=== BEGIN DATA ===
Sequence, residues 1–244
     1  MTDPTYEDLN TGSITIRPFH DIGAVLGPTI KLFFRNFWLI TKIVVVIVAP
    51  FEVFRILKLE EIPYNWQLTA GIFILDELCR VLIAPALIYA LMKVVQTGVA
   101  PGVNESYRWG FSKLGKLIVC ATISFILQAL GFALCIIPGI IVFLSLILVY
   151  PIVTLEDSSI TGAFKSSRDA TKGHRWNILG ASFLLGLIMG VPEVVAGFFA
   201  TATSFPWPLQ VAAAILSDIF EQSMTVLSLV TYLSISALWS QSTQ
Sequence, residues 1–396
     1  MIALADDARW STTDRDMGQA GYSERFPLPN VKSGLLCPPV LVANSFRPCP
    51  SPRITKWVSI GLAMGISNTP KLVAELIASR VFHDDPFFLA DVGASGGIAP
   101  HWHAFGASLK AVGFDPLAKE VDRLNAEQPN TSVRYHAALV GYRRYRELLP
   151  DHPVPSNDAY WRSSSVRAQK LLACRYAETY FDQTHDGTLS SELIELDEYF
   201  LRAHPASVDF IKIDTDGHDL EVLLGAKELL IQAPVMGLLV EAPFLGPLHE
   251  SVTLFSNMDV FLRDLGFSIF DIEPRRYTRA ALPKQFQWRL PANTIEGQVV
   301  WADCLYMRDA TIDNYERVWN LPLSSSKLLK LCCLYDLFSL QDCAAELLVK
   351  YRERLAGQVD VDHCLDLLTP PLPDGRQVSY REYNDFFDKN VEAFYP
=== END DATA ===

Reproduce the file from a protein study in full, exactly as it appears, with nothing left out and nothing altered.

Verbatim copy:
Sequence, residues 1–244
     1  MTDPTYEDLN TGSITIRPFH DIGAVLGPTI KLFFRNFWLI TKIVVVIVAP
    51  FEVFRILKLE EIPYNWQLTA GIFILDELCR VLIAPALIYA LMKVVQTGVA
   101  PGVNESYRWG FSKLGKLIVC ATISFILQAL GFALCIIPGI IVFLSLILVY
   151  PIVTLEDSSI TGAFKSSRDA TKGHRWNILG ASFLLGLIMG VPEVVAGFFA
   201  TATSFPWPLQ VAAAILSDIF EQSMTVLSLV TYLSISALWS QSTQ
Sequence, residues 1–396
     1  MIALADDARW STTDRDMGQA GYSERFPLPN VKSGLLCPPV LVANSFRPCP
    51  SPRITKWVSI GLAMGISNTP KLVAELIASR VFHDDPFFLA DVGASGGIAP
   101  HWHAFGASLK AVGFDPLAKE VDRLNAEQPN TSVRYHAALV GYRRYRELLP
   151  DHPVPSNDAY WRSSSVRAQK LLACRYAETY FDQTHDGTLS SELIELDEYF
   201  LRAHPASVDF IKIDTDGHDL EVLLGAKELL IQAPVMGLLV EAPFLGPLHE
   251  SVTLFSNMDV FLRDLGFSIF DIEPRRYTRA ALPKQFQWRL PANTIEGQVV
   301  WADCLYMRDA TIDNYERVWN LPLSSSKLLK LCCLYDLFSL QDCAAELLVK
   351  YRERLAGQVD VDHCLDLLTP PLPDGRQVSY REYNDFFDKN VEAFYP